The indigenous people of the Tibetan Plateau have been the subject of much recent interest because of their unique genetic adaptations to high altitude. Recent studies have demonstrated that the Tibetan EPAS1 haplotype is involved in high altitude-adaptation and originated in an archaic Denisovan-related population. We sequenced the whole-genomes of 27 Tibetans and conducted analyses to infer a detailed history of demography and natural selection of this population. We detected evidence of population structure between the ancestral Han and Tibetan subpopulations as early as 44 to 58 thousand years ago, but with high rates of gene flow until approximately 9 thousand years ago. The CMS test ranked EPAS1 and EGLN1 as the top two positive selection candidates, and in addition identified PTGIS, VDR, and KCTD12 as new candidate genes. The advantageous Tibetan EPAS1 haplotype shared many variants with the Denisovan genome, with an ancient gene tree divergence between the Tibetan and Denisovan haplotypes of about 1 million years ago. With the exception of EPAS1, we observed no evidence of positive selection on Denisovan-like haplotypes.

RevDate: 2018-05-11
CmpDate: 2018-02-01

Jégou B, Sankararaman S, Rolland AD, et al (2017)

Meiotic Genes Are Enriched in Regions of Reduced Archaic Ancestry.

Molecular biology and evolution, 34(8):1974-1980.

About 1-6% of the genetic ancestry of modern humans today originates from admixture with archaic humans. It has recently been shown that autosomal genomic regions with a reduced proportion of Neanderthal and Denisovan ancestries (NA and DA) are significantly enriched in genes that are more expressed in testis than in other tissues. To determine whether a cellular segregation pattern would exist, we combined maps of archaic introgression with a cross-analysis of three transcriptomic datasets deciphering the transcriptional landscape of human gonadal cell types. We reveal that the regions deficient in both NA and DA contain a significant enrichment of genes transcribed in meiotic germ cells. The interbreeding of anatomically modern humans with archaic humans may have introduced archaic-derived alleles that contributed to genetic incompatibilities affecting meiosis that were subsequently purged by natural selection.

RevDate: 2018-04-04
CmpDate: 2018-04-04

Ao H, Liu CR, Roberts AP, et al (2017)

An updated age for the Xujiayao hominin from the Nihewan Basin, North China: Implications for Middle Pleistocene human evolution in East Asia.

Journal of human evolution, 106:54-65.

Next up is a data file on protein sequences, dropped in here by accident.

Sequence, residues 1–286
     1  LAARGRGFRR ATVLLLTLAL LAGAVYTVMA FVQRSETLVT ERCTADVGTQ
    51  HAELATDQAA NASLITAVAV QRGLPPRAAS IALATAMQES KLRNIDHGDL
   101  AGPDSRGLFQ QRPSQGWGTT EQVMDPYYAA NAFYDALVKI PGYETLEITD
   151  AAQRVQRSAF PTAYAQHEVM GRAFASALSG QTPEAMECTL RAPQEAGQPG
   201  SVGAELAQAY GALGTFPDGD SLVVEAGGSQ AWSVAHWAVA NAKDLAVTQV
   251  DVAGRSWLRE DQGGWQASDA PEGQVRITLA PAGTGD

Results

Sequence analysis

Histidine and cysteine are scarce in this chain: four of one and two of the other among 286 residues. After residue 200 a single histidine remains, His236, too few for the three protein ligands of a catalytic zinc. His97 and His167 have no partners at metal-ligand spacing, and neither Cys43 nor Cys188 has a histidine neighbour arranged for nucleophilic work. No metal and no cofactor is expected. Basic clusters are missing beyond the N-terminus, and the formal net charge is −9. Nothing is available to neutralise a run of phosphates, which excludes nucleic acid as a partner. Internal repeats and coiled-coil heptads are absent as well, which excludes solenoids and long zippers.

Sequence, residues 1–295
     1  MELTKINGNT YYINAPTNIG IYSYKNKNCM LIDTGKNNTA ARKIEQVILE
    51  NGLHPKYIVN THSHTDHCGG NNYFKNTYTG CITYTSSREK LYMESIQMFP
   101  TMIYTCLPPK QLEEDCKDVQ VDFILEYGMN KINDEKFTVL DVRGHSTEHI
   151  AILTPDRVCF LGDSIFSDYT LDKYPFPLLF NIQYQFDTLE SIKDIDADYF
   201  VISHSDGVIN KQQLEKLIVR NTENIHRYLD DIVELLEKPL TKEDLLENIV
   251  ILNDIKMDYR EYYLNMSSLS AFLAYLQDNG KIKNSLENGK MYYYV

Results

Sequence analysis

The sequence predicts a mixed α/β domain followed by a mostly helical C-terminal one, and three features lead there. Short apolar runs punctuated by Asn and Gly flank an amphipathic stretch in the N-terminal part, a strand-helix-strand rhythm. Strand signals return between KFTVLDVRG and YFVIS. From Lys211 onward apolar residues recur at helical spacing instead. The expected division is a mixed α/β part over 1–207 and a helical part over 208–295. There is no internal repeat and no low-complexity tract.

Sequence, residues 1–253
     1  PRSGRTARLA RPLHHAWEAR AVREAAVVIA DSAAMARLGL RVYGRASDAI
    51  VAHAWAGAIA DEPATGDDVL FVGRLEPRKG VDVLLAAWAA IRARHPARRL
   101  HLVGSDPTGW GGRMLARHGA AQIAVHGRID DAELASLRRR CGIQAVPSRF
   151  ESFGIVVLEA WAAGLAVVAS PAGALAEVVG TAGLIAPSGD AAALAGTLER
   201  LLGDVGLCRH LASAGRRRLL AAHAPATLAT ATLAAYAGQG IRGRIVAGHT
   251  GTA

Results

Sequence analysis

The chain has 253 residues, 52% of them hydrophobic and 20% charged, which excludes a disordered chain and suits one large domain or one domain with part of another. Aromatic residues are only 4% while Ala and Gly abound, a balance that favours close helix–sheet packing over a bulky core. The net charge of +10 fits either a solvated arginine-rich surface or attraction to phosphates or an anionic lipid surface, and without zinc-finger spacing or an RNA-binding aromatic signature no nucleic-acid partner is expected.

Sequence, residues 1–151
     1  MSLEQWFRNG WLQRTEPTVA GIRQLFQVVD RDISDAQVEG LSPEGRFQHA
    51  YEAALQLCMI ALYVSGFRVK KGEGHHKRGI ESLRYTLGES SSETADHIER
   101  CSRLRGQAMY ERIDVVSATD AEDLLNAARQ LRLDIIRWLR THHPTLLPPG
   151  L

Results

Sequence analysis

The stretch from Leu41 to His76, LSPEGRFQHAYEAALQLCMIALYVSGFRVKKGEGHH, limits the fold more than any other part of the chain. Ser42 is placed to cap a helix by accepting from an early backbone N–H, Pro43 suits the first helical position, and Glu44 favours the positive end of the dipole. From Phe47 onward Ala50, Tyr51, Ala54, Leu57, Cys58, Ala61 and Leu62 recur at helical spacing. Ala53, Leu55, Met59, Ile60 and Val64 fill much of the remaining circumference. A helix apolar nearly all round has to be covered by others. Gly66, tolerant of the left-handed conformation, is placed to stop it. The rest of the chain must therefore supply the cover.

The Xujiayao site in the Nihewan Basin (North China) is one of the most important Paleolithic sites in East Asia. Twenty Homo fossils, which were previously assigned to an archaic Homo sapiens group, have been excavated along with more than 30,000 lithic artifacts and ∼5000 mammalian fossil specimens. Dating of the Xujiayao hominin has been pursued since its excavation in the 1970s, but its age has remained controversial because of limitations of the dating techniques that have been applied to available materials. Here, we report new ages for the Xujiayao hominin based on combined electron spin resonance (ESR) dating of quartz in the sediments and high-resolution magnetostratigraphy of the fluvio-lacustrine sequence. The magnetostratigraphy suggests that the upper Matuyama and Brunhes polarity chrons are recorded at Xujiayao. The ESR dating results indicate a pooled average age of 260-370 ka for the Homo-bearing layer, which is consistent with its position within the middle Brunhes normal polarity chron indicated by magnetostratigraphy. This age estimate makes the Xujiayao hominin among the oldest mid-Pleistocene hominins with derived Neanderthal traits in East Asia. This age is consistent with the time when early Denisovans, a sister group of Neanderthals, appeared and colonized eastern Eurasia. Our updated age and the Neanderthal-like traits of the Xujiayao Homo fossils, particularly the Denisovan-like molar teeth, make it possible that the Xujiayao hominin could represent an early Denisovan.

RevDate: 2018-03-26
CmpDate: 2018-03-26

Heidenreich B, Denisova E, Rachakonda S, et al (2017)

Genetic alterations in seborrheic keratoses.

Oncotarget, 8(22):36639-36649.

Seborrheic keratoses are common benign epidermal lesions that are associated with increased age and sun-exposure. Those lesions despite harboring multiple somatic alterations in contrast to malignant tumors appear to be genetically stable. In order to investigate and characterize the presence of recurrent mutations, we performed exome sequencing on DNA from one seborrheic keratosis lesion and corresponding blood cells from the same patients with follow up investigation of alterations identified by exome sequencing in 24 additional lesions from as many patients. In addition we investigated alterations in all lesions at specific genes loci that included FGFR3, PIK3CA, HRAS, BRAF, CDKN2A and TERT and DHPH3 promoters. The exome sequencing data indicated three mutations per Mb of the targeted sequence. The mutational pattern depicted typical UV signature with majority of alterations being C>T and CC>TT base changes at dipyrimidinic sites. The FGFR3 mutations were the most frequent, detected in 12 of 25 (48%) lesions, followed by the PIK3CA (32%), TERT promoter (24%) and DPH3 promoter mutations (24%). TERT promoter mutations associated with increased age and were present mainly in the lesions excised from head and neck. Three lesions also carried alterations in CDKN2A. FGFR3, TERT and DPH3 expression did not correlate with mutations in the respective genes and promoters; however, increased FGFR3 transcript levels were associated with increased FOXN1 levels, a suggested positive feedback loop that stalls malignant progression. Thus, in this study we report overall mutation rate through exome sequencing and show the most frequent mutations seborrheic keratosis.